Dum spiro spero

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For the album by Dir en grey, see Dum Spiro Spero (album).

Dum spiro spero means "While I breathe, I hope"[1] in Latin and is a modern paraphrase of ideas that survive in two ancient writers, Theocritus[2] and Cicero.[3]

It is a motto of various places and families.

States and Towns[edit]

  • It is also the state motto of South Carolina, adopted in 1776. On March 26, 1776, the Provincial Congress of South Carolina set up an independent government, and the motto formed a part of official great seal, created by W. H. Drayton.
  • Dum Spiro Spero is the motto of Burstow Park House, in Surrey England and also appears on their coat of arms.

"Dum Spiro Spero" is inscribed above door of Nymans House, West Sussex, England, old home of the Messel family now a National Trust property and gardens.

Families[edit]

Dum spiro spero is the family motto of numerous families worldwide, including:

  • The Olphert family (Ballyconnell, Ireland) The motto and the family coat of arms is still visible above the door at Ballyconnell House, Donegal [1]
  • The Dillon family (Ireland).
  • The Bransom family (England), Now USA
  • The Asscoti or Ascotti family[4]
  • The Baker family (Derbyshire, England)[4]
  • The Banantyne family (Derbyshire, England)[5]
  • The Bussell family (Cambridgeshire, England)
  • The Colquhoun family (Dunyelder, Scotland)[5]
  • The Corbet(t) family (Ireland)
  • The Coriton family (England)[5]
  • The Cotter family (Ireland), Now New Zealand
  • The Dewsbury family (England), Now USA
  • The Dillon family (England)[5]
  • The Elphdick family (Sussex, England) [5]
  • The Everitt family (Kent, England) [5]
  • The De Garis family (Guernsey). The family crest surmounts a window (with the motto in Latin) at St. Saviour's Church in Western Parishes, Guernsey [2]
  • The Gaunt family (Kent, England)[4][5]
  • The Gaunt family (Staffordshire, England)[5]
  • The Glazebrook family (Lancashire, England)[4]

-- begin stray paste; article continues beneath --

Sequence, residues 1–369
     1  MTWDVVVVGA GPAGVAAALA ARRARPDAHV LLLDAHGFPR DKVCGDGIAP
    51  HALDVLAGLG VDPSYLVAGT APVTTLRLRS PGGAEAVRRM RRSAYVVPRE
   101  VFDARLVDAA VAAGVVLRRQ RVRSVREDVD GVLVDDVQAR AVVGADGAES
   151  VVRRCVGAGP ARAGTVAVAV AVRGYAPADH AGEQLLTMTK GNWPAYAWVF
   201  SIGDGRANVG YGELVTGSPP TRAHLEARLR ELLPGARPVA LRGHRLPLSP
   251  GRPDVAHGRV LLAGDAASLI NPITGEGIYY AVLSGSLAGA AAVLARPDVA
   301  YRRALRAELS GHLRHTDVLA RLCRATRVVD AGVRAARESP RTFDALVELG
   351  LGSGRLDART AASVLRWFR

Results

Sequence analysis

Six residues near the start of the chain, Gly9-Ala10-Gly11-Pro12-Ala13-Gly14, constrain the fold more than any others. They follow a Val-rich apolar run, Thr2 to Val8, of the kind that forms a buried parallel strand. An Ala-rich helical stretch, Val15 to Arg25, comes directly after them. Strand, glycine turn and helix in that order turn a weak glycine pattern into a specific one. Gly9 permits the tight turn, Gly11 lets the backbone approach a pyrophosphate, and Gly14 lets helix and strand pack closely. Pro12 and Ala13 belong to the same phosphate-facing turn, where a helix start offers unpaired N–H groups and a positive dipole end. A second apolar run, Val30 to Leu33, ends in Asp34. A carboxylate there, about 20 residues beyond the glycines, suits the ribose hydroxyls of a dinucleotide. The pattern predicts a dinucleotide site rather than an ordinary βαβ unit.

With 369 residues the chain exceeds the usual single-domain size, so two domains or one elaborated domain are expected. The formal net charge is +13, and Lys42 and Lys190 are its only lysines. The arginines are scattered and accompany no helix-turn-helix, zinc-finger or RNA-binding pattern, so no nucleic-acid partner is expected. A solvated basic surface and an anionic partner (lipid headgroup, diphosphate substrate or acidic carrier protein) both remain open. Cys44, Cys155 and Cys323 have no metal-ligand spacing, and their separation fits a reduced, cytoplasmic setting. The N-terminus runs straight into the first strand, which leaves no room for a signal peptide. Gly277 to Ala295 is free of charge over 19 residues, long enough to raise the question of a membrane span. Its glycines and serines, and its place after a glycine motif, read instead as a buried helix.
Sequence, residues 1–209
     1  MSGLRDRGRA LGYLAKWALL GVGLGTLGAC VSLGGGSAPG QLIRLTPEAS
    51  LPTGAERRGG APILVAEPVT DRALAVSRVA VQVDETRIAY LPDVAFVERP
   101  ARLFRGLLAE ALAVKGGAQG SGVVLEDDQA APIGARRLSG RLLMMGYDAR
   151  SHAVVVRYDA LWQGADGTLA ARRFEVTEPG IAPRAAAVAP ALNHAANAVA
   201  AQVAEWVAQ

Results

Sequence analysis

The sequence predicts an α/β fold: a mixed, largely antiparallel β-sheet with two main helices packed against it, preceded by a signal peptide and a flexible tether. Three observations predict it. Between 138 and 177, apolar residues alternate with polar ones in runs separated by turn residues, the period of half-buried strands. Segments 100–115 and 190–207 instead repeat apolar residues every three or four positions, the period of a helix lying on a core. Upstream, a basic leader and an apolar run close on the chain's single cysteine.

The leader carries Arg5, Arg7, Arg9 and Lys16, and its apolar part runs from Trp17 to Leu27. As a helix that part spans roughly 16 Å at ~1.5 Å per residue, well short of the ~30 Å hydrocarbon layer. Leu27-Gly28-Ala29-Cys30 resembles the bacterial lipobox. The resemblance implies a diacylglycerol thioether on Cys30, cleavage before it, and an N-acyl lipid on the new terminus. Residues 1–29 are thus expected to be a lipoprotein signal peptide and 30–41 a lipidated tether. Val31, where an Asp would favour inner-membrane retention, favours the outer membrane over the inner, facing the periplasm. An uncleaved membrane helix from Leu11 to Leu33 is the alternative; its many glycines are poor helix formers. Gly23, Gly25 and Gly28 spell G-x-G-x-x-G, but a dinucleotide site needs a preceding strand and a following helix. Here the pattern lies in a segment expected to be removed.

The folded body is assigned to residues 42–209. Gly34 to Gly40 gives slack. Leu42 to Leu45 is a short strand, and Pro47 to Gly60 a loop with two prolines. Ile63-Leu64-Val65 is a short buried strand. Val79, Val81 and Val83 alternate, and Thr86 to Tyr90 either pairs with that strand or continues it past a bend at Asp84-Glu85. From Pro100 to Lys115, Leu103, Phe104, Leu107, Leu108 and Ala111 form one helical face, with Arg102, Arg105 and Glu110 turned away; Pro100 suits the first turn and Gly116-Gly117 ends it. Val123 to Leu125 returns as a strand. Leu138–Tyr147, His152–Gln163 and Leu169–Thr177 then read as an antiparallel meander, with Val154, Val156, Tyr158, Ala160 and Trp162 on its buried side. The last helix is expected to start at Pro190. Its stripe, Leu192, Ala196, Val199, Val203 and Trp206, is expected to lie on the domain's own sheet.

• The Golledge Family (Ireland), Now USA
  • The Hunter family (Perth, Scotland)[4]
  • The Mason family (Normandy)
  • The Morgan family (Wales)
  • The Nelson-Smith family (Surrey)
  • The Pearson family (Forfarshire, Scotland)[4]
  • The Pount family (Scotland)[5]
  • The Roberts family (Kent, England)[4]
  • The Rylands family (Cheshire, England)[4]
  • The Sharp family (Tyne and Wear, England)
  • The Sparks family (Faraham Parish Hampshire, England) [6] now USA
  • The Spearman family (Shropshire & Durham, England)[4]
  • The Staunton family (Gloucestershire, England)[4]
  • The Standard family (Bedfordshire, England)
  • The Whitworth family (Durham, England)
  • The Whitehead family

The Thompson Clan (Irish)

The Young family - displayed st Stanhiil Court, Surrey, in the stained glass window showing the Family Arms of William Young (Deputy Chairman and co-founder of Lloyd's of London)

Other noted individuals who used this motto:

  • Sir James Laurence Cotter, Baronet (Co. Cork, Ireland)[4]
  • Dr T.G. Dillon (Roscommon, Ireland)[4]
  • Vicount Dillon of Costello Gallen (Co. Sligo, Ireland)[4]
  • Charles Hunter, Esquire (Anglesey, Wales)[4]
  • Henry Thomas Partridge (Norfolk, England)[4]
  • Sir Owen Roberts (London, England)[4]
  • William James Sandford - Thompson, J.P (Montrose, Scotland)[4]
  • Captain Alfred Ernest Speer, Esquire (Surrey, England)[4]
  • General Sir Edward Stanton (Gloucestershire, England)[4]
  • John Walsh, Esquire (Kilkenny, Ireland)[4]

Citations[edit]

  1. ^ http://www.merriam-webster.com/dictionary/dum%20spiro,%20spero merriam-webster.com
  2. ^ Idylls 4, Line 42 ἐλπίδες ἐν ζωοῖσιν, ἀνέλπιστοι δὲ θανόντες.
  3. ^ Letters to Atticus Book 9, Letter 10, Section 3 dum anima est, spes esse dicitur
  4. ^ a b c d e f g h i j k l m n o p q r s t Fairbairn, James (1905). Fairbairn's Book of Crests of the Families of Great Britain and Ireland. London : T. C. & E. C. Jack. 
  5. ^ a b c d e f g h i Deuchar, Alexander (1817). British crests : containing the crests and mottos of the families of Great Britain and Ireland; together with those of the principal cities; and a glossary of heraldic terms (volume 2). Edinburgh : Kirkwood & Son. 
  6. ^ Cite error: The named reference Sparrowhawk was invoked but never defined (see the help page).

References[edit]